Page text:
- The Kitchen Code: Ethos of the Professional Kitchen
- Culinary Articles
- Food Cost Tools
- Food Safety
- Kitchen Forms
- Beef Butchering Yield Form
- Cook Evaluation Form
- Declining Balance Sheet
- Fish Filleting Log and Butchering Chart
- Food Cost Calculation
- Kitchen Station Task List
- Prep Sheets
- Recipe Evaluation Form
- Recipe Template
- Using Excel for Event Planning
- Shop our Store
Plate Cost - How To Calculate Recipe Cost
Did You Forget Something In Your Recipe Costing?
Calculating your plate cost for any given recipe is essential to the profitability and survival of your restaurant. When calculating your recipe cost, you want to be sure to include every food item which goes into the recipe (you're saying "duh"!) But what about the "free" bread and butter you serve, or maybe the intermezzo, or some other item which every table receives but is not charged for? Where do you put those costs? I usually include it in the cost of the entree, figuring that most people will purchase an entree. Also, what about the cost of the frying oil? It is part of your food cost at the end of the month, but is it worked into the cost of your plates? What I would recommend for the fryer oil is to determine the cost of your average monthly usage of fryer oil and divide that by your average monthly entrees sold. Add that cost to the cost of every entree. Another thing chefs tend to forget is to add the cost of the oil needed for their saute items, or the butter used to toss the veggies in.
The Importance of Calculating EP Cost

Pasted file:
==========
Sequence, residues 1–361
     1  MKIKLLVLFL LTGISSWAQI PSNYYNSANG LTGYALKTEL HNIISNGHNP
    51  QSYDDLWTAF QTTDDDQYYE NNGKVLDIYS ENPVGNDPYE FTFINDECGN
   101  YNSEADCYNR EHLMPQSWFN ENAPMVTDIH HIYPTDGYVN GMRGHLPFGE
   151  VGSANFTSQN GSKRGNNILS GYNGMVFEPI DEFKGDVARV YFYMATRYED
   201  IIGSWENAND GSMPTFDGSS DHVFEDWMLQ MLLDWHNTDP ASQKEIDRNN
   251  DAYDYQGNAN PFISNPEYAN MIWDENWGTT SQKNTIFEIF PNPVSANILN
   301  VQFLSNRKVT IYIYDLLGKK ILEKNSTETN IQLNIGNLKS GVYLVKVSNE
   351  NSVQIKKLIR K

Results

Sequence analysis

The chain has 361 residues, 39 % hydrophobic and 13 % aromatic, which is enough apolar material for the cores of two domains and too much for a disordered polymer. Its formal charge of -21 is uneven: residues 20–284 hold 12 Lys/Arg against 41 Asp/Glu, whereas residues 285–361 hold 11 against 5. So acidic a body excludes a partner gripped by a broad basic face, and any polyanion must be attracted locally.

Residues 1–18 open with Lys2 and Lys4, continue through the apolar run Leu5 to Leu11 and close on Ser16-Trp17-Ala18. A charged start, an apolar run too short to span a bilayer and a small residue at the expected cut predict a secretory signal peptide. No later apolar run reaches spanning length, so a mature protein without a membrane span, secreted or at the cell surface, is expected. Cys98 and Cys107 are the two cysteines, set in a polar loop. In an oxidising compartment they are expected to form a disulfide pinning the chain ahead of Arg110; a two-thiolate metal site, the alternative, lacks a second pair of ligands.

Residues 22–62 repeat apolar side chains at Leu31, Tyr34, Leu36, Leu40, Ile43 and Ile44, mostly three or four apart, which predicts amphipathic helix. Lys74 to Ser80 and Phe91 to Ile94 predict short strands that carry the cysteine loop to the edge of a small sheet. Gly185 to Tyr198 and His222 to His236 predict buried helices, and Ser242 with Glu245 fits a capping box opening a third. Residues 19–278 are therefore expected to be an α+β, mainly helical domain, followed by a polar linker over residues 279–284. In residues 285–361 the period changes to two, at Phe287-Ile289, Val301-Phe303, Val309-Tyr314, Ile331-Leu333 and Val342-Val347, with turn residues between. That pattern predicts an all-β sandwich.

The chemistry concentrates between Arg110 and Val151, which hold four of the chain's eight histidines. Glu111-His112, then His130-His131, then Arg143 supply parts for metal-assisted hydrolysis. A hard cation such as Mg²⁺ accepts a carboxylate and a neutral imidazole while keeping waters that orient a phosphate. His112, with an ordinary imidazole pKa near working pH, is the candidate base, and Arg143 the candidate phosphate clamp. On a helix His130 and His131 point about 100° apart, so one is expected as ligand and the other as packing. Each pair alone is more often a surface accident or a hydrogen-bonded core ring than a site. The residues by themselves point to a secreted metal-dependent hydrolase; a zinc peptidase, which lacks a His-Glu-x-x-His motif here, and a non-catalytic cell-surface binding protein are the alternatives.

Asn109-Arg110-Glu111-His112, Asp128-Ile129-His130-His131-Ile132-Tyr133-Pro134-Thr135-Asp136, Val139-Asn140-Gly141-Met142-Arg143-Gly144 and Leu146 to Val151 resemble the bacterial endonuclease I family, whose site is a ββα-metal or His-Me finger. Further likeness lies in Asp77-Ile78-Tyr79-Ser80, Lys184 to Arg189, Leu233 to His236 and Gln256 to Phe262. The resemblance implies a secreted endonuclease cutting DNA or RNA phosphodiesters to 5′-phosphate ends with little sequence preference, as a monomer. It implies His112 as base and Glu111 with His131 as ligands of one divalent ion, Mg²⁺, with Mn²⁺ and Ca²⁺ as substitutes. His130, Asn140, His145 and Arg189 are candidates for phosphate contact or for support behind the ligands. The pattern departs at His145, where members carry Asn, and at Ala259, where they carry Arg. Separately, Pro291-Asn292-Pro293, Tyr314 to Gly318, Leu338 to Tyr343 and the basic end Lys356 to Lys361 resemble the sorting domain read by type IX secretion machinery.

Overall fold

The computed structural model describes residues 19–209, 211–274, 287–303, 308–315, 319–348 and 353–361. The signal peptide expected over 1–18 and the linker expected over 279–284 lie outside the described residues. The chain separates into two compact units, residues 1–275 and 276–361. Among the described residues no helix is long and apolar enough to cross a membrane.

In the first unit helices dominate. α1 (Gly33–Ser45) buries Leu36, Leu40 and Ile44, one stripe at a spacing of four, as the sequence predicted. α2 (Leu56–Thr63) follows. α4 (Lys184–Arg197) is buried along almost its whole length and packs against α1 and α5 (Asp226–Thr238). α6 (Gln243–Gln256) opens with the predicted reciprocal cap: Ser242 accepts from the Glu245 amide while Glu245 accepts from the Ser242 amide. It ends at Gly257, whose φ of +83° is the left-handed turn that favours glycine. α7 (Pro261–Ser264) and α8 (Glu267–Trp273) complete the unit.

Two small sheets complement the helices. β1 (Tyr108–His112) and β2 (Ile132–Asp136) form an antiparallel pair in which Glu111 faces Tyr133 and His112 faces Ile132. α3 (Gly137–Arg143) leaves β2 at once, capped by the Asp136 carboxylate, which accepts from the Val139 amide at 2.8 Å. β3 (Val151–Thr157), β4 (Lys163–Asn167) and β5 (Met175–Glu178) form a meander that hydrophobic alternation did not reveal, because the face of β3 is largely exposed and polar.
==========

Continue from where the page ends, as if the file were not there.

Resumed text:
Another very important calculation is to use the EP Cost (Edible Potion Cost), not the AP Cost (As Purchased Cost). If you put 4 oz of of asparagus on the plate, does your recipe costing include the cost of the root end which you cut off? It should. The easiest way to do this is to use a yield percentage for each item (see Produce Yields for an example). Obviously, this is even more important with your proteins. For see our list for common seafood yields or our chart specifically for salmon yields.
Recipe Costing Template
The recipe template below is a free download which is a fantastic tool for calculating your plate costs. The download version includes both a blank recipe form as well as a sample one. Thanks to Chef Bill Williams and Cam Zahradnik for their work on this template.
This is an image of the blank template.
Here's an example of the template in use.
The Recipe Plate Cost Template is Free
Click on the button to download for free. No pop-ups or other BS. If you have a favorite kitchen form, send it to me for consideration to add to this site for other chefs to use.
If you enter a fraction into a cell and it changes to a date read on to see how to fix it.
This is a common occurance in Excel. You enter a fraction such as "1/4" and it changes to Jan-4. There are two ways to fix it:
1) Go to the Excel tool bar and change that cell's "number settings" from "date" to "number" or "fraction". In Excel 2007, click on the "Home" tab. In the center of the tool bar is the "Number" settings. Click on the drop down box to change the settings for the cell or cells selected.
2) Select the cell you want to change. For the first character in the cell type the single quote character ' and then type your fraction ( it would look like this '1/4 ).
The sheet is protected. To unprotect, go to "Format", scroll down to "Unprotect Sheet" and select it. Leave the password blank and hit "Enter".